Similarly, I got the impression that Jedikiah has a pretty good idea of where John and the rest of the TP in NYC are. Killian mentioned reading about it in the files, and Jed told Stephen to set up the meeting with John in the first place. So he has an awareness of where his greatest rivals are, the supposed threats to society, and maybe he's willing to let them hide underground. Meanwhile, Jed showed quite a bit of concern for Stephen's well being, initially by not allowing him to go into the field, and later by agreeing to have dinner with Stephen's mom to help cover up the job. Now, helping Stephen lie to his mother clearly keeps Jedikiah and his work out of someone else's crosshairs, but he didn't have to make that effort. I wouldn't say that the show is interested in fully humanizing Jedikiah; he is the current villain. But he's definitely more than that too, particularly because he has such close connections with two of the heroes. This is all much more complicated than it originally appeared to be, which is an impressive feat for a show that's only in its fourth week.
But hey, The Tomorrow People just keeps impressing. This was another strong episode that mixed the past and the present together in an effective fashion. There's no reason to keep talking about how the show doesn't do anything particularly original because by now, it's pretty clear that it's set on doing things well, regardless of whether we've seen them before or not.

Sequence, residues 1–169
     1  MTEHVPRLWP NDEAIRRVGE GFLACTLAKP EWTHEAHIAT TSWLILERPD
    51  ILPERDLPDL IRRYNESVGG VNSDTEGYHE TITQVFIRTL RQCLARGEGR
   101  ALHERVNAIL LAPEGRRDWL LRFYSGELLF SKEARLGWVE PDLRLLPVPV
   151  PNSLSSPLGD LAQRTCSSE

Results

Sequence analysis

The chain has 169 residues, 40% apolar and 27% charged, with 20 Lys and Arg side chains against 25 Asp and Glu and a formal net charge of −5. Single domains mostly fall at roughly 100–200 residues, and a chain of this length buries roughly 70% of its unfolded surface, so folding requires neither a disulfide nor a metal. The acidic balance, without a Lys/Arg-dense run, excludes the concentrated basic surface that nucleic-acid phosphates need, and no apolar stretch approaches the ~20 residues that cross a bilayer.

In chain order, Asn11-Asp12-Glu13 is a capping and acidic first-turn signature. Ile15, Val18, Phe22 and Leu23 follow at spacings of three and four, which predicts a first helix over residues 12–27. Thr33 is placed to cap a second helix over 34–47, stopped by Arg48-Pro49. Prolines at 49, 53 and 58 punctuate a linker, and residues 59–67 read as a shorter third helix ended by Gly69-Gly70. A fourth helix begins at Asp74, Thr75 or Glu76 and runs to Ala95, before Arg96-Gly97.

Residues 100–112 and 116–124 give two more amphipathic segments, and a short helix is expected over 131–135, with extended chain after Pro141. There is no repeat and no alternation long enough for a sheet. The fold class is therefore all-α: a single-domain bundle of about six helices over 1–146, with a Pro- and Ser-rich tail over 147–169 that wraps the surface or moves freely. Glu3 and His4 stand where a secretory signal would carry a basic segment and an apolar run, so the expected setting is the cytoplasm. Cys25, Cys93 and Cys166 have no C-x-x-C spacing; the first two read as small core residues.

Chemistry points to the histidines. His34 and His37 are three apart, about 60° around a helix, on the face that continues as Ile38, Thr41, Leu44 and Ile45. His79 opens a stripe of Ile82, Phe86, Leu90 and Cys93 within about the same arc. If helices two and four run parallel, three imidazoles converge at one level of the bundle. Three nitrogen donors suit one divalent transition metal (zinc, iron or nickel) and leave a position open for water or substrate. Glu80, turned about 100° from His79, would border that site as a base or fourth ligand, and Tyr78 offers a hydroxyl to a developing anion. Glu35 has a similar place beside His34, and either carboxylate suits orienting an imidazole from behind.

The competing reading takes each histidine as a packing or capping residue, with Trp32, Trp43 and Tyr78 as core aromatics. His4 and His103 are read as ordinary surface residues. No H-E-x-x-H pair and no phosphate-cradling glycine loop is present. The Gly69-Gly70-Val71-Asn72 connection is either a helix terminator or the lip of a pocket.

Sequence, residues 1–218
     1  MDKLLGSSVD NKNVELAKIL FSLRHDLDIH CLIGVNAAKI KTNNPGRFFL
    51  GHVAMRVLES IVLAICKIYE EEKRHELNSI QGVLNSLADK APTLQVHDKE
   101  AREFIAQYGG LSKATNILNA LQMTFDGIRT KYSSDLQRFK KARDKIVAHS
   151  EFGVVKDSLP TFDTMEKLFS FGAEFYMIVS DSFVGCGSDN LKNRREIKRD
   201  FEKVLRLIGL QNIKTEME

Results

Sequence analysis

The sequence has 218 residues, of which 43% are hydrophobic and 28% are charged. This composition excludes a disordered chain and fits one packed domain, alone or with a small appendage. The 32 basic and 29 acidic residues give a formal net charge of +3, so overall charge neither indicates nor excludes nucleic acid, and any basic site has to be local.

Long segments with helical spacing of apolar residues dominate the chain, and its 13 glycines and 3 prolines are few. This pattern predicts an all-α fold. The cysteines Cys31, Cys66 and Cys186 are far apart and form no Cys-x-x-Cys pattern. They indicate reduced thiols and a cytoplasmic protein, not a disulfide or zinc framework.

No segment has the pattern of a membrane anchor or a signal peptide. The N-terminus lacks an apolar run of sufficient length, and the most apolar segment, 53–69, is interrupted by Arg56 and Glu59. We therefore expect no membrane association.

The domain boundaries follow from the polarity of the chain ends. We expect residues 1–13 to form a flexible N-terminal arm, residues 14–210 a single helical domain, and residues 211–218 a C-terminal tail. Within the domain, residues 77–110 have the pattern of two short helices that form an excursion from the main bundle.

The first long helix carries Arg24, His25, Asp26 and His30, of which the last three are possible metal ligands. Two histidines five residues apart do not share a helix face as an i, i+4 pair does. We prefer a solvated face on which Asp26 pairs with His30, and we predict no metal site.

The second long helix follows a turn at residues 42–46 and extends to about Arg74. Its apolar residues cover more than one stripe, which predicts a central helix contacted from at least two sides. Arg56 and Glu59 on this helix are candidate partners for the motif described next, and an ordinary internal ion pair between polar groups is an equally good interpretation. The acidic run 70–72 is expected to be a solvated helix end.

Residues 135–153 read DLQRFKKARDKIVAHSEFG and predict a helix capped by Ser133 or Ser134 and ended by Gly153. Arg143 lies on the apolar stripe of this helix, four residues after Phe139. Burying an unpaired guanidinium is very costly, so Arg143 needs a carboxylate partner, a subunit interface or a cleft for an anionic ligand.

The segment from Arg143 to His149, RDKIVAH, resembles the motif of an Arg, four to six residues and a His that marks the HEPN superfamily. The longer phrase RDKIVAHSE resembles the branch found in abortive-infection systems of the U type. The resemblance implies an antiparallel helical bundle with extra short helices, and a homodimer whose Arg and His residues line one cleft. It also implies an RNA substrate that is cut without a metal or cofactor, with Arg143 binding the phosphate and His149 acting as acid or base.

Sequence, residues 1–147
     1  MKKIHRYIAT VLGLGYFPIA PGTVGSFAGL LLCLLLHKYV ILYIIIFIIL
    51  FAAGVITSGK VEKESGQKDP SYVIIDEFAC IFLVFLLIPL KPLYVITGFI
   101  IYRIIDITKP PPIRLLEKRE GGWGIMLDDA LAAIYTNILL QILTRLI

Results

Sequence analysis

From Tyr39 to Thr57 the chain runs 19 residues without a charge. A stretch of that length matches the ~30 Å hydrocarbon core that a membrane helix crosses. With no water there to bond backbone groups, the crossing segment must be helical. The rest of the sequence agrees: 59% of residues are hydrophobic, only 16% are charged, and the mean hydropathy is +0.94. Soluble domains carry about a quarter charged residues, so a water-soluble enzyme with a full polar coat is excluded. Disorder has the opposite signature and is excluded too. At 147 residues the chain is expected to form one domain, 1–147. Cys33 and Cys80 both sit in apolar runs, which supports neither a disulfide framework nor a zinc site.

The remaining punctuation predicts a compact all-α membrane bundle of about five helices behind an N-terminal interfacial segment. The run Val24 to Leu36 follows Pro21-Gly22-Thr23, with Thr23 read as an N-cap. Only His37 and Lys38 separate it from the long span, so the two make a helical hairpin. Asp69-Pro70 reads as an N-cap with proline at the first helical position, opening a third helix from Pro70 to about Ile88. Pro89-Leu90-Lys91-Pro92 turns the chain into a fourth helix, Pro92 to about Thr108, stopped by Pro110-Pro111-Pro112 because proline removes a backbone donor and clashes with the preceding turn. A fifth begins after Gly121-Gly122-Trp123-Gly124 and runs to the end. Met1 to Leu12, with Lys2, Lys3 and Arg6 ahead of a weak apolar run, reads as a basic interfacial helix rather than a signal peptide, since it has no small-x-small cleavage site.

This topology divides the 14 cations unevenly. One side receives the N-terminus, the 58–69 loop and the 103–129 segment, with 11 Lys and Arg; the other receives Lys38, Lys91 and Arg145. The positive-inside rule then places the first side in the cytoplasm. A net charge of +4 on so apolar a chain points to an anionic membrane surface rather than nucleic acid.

– Despite all that praise, it's a little odd that there wasn't any sign of Astrid this week. I guess we can chalk it up to her being off investigating Stephen's secrets, but outside of a casual mention, her presence was not felt.
– So apparently if they focus correctly, Tomorrow People can teleport into multiple spaces at once. Well, at least John can. His ability to stop five of Killian's bombs at once was pretty cool and it's nice that the show is fleshing out the characters' abilities.
– Stephen's mom was unsurprisingly suspicious of his work with Uncle Jed, but she also emphasized the notion that there's stuff Stephen doesn't know about the past. Obviously we know that he knows more than she thinks, but there are probably dozens of other secrets as well. You don't hire Sarah Clarke to just play a mom.
– This means that we get a Russell flashback episode next week, right? RIGHT?
What'd you guys think of John's flashback and the reveal about the Tomorrow People's murderous ways?
AIRED ON 5/5/2014
Season 1 : Episode 22